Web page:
Solothurn Linux Migration Has Failed
Friday, 01 October 2010
This is one of the stories GNU/Linux, OSS and FOSS veterans don't want to hear in the first place. The last days the news spread all over the world that an effort in migrating government systems ultimately failed.

In that attempt Microsoft Windows had to be migrated to some kind of GNU/Linux distribution in Solothurn/Switzerland. According to several newspapers CTO Kurt Bader, who has been responsible for the whole migration effort, resigned this summer when 10% of the approx. one thousand government officials constantly complained about minor problems that came along with the migration process [1]. Some employees mentioned ongoing problems with printing and some others said they were more productive when working with their systems at home.

This however is kind of single edge reporting since most employees had no problems or minor problems at all when using the new distribution and installed programs, like the popular OpenOffice.org suite or their in house mail client called "Scalix". It rather seems like a bad management finally led to the decision to reintroduce Microsoft Windows and run these systems along with the currently installed GNU/Linux distribution. Experts say though, that Linux was not the problem but a bad time management and a much to small migration window - maybe even the fact that end users weren't involved and prepared enough for the newly introduced software. There also was a problem with details project managers tend to overlook. In June the state departments webmailer was still missing some functionality like task management and other comfortable things people got used to in the past when working with Microsoft Outlook.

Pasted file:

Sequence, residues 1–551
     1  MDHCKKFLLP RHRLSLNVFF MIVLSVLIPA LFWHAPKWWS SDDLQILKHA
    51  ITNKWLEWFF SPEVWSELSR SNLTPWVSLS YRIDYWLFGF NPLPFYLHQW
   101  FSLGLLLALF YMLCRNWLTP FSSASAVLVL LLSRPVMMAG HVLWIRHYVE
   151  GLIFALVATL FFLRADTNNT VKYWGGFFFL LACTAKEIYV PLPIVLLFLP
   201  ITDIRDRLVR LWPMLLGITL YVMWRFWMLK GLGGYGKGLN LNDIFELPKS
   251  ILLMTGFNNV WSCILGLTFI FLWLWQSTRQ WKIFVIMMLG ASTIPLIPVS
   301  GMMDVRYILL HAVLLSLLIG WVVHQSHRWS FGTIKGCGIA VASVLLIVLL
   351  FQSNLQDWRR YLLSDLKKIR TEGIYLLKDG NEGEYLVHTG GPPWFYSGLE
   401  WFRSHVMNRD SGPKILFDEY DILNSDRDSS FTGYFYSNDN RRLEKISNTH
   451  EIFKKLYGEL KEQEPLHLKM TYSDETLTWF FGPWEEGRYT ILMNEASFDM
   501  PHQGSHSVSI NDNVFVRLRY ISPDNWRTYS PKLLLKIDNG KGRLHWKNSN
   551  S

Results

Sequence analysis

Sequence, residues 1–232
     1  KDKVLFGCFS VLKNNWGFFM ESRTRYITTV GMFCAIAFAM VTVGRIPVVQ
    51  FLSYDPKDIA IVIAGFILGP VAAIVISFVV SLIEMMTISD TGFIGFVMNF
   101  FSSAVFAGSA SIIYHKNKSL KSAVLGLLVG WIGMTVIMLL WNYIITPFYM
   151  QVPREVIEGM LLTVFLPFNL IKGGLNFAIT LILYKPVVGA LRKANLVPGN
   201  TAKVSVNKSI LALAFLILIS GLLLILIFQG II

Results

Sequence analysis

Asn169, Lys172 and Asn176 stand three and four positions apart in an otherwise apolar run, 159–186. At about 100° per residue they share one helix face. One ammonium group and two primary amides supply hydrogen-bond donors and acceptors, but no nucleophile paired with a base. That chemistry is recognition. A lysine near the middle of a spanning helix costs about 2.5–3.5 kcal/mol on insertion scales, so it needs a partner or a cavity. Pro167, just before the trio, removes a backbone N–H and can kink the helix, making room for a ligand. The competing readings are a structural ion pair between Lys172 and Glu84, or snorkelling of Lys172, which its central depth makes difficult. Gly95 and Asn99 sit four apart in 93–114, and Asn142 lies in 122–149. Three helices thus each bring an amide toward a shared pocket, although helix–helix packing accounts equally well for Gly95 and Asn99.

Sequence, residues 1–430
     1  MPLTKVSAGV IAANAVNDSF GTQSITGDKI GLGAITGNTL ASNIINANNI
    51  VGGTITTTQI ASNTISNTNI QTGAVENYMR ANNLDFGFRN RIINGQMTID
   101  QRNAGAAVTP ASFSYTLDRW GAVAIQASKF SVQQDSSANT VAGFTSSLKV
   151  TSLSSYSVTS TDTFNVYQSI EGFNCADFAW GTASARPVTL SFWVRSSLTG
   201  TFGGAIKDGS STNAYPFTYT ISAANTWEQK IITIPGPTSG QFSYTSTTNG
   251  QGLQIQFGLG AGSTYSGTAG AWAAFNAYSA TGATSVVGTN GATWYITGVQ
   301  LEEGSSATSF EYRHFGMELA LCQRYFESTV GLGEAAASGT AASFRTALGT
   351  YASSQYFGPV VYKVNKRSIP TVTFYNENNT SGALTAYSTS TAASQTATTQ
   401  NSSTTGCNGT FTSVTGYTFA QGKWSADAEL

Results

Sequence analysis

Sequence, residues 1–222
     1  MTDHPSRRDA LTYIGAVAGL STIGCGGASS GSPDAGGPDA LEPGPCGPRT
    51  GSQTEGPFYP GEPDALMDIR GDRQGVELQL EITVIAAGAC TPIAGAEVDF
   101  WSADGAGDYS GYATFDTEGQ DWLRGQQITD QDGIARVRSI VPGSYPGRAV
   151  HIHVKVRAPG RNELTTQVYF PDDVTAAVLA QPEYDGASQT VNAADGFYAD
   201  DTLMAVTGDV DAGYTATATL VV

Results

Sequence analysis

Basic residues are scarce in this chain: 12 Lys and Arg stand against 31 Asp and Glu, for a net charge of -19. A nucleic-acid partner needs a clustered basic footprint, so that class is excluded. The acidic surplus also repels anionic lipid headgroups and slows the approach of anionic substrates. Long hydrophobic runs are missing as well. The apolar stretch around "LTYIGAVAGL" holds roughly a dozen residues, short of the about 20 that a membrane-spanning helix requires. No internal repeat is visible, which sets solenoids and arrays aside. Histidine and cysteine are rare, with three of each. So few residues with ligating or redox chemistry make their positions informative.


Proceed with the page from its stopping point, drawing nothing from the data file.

Nevertheless some questions were still unanswered. Why did the government order a rollback when project "Ambassador" already solved the problems with the OpenOffice.org integration? Why turning away when 90% of the staff only had small problems with the new software? Why accommodating to public pressure and economists when Windows 7 plus further software from Microsoft would sum up and cost the tax payer several millions? The city of Munich in Germany recently announced the successful migration from Microsoft Windows to GNU/Linux and thus the finalization of project "LiMux"[2].

Strategic decisions are shortsighted often when it comes to security, stability and performance. One can run a system which has bad performance – it won't hurt as long as it doesn't affect daily operations too much. In a nutshell: such systems and system infrastructures can be optimized since there is a basis for improvement. When it comes to systems which lack stability even more effort is required, but these ones are yet secure. Running an insecure system however is the worst thing one can possibly do, since it may lead to a loss of data and therefore a loss of business secrets and privacy [3]. We at TRON-DELTA.ORG already experienced the security of Microsoft centric IT-infrastructures. Besides things like costs, problems with licensing, possible lock-in scenarios and the way we want to work with/modify our (operating) systems and applications, security is the primary reason for us to relinquish using software from companies like Microsoft [4].

We also think the Swiss government should have taken the above into account before their decision to return. They should have seriously consulted an organization like for example the FSF (Free Software Foundation) in advance [5].

References:
Last Updated (Thursday, 15 November 2012)
 
 
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